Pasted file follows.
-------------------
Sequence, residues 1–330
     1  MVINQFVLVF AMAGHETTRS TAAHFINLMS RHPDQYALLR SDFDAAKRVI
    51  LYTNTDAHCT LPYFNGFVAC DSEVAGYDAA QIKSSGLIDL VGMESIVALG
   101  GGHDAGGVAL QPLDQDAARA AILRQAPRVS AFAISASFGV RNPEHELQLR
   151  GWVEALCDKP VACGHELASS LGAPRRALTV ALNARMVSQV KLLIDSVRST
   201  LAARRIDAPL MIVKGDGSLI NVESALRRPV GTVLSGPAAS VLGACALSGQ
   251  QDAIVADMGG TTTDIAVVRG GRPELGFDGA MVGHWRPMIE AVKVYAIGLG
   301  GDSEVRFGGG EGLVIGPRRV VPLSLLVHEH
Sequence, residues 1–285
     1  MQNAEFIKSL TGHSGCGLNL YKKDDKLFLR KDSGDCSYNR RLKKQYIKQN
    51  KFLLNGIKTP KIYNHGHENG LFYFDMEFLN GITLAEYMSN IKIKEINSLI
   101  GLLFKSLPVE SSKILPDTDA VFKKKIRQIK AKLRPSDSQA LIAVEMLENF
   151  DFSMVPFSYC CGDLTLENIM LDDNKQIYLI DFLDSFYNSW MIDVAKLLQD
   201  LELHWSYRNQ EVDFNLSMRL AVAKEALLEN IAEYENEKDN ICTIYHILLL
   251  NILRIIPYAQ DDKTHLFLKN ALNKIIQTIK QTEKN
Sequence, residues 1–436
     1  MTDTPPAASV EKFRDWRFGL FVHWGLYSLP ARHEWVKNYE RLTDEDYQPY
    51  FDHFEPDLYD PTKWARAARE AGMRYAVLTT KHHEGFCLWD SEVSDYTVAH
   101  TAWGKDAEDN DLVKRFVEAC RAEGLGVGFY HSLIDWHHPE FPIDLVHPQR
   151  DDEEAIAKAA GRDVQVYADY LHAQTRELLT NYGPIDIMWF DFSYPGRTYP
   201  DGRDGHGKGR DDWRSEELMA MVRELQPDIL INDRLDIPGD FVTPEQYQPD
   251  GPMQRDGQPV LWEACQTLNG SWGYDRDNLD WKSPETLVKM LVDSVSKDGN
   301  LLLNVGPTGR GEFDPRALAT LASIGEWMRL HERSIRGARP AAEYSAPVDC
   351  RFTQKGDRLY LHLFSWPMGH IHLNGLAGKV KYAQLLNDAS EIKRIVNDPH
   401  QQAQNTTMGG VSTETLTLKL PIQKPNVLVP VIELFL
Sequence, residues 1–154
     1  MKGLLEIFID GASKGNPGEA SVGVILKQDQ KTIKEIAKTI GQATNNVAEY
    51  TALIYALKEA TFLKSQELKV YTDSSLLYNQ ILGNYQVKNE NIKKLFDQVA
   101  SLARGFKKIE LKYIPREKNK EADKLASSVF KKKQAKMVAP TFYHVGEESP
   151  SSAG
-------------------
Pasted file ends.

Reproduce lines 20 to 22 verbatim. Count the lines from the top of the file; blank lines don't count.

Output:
   151  DDEEAIAKAA GRDVQVYADY LHAQTRELLT NYGPIDIMWF DFSYPGRTYP
   201  DGRDGHGKGR DDWRSEELMA MVRELQPDIL INDRLDIPGD FVTPEQYQPD
   251  GPMQRDGQPV LWEACQTLNG SWGYDRDNLD WKSPETLVKM LVDSVSKDGN